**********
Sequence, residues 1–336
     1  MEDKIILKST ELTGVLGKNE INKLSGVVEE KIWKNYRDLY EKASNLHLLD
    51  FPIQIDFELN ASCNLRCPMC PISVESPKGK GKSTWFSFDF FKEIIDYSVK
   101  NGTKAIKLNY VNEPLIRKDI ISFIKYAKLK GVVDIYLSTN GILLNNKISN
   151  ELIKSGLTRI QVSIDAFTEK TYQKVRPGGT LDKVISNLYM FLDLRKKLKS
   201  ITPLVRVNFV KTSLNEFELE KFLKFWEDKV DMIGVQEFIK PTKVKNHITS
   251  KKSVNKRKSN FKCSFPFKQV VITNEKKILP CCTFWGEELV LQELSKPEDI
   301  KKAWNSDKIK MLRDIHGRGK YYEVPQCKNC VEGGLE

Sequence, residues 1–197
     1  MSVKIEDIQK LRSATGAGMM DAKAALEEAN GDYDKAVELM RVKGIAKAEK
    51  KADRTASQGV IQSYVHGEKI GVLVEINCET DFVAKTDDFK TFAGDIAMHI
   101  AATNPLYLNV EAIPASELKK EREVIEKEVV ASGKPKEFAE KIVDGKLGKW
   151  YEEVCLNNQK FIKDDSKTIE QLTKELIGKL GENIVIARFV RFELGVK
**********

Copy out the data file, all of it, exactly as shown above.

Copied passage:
Sequence, residues 1–336
     1  MEDKIILKST ELTGVLGKNE INKLSGVVEE KIWKNYRDLY EKASNLHLLD
    51  FPIQIDFELN ASCNLRCPMC PISVESPKGK GKSTWFSFDF FKEIIDYSVK
   101  NGTKAIKLNY VNEPLIRKDI ISFIKYAKLK GVVDIYLSTN GILLNNKISN
   151  ELIKSGLTRI QVSIDAFTEK TYQKVRPGGT LDKVISNLYM FLDLRKKLKS
   201  ITPLVRVNFV KTSLNEFELE KFLKFWEDKV DMIGVQEFIK PTKVKNHITS
   251  KKSVNKRKSN FKCSFPFKQV VITNEKKILP CCTFWGEELV LQELSKPEDI
   301  KKAWNSDKIK MLRDIHGRGK YYEVPQCKNC VEGGLE

Sequence, residues 1–197
     1  MSVKIEDIQK LRSATGAGMM DAKAALEEAN GDYDKAVELM RVKGIAKAEK
    51  KADRTASQGV IQSYVHGEKI GVLVEINCET DFVAKTDDFK TFAGDIAMHI
   101  AATNPLYLNV EAIPASELKK EREVIEKEVV ASGKPKEFAE KIVDGKLGKW
   151  YEEVCLNNQK FIKDDSKTIE QLTKELIGKL GENIVIARFV RFELGVK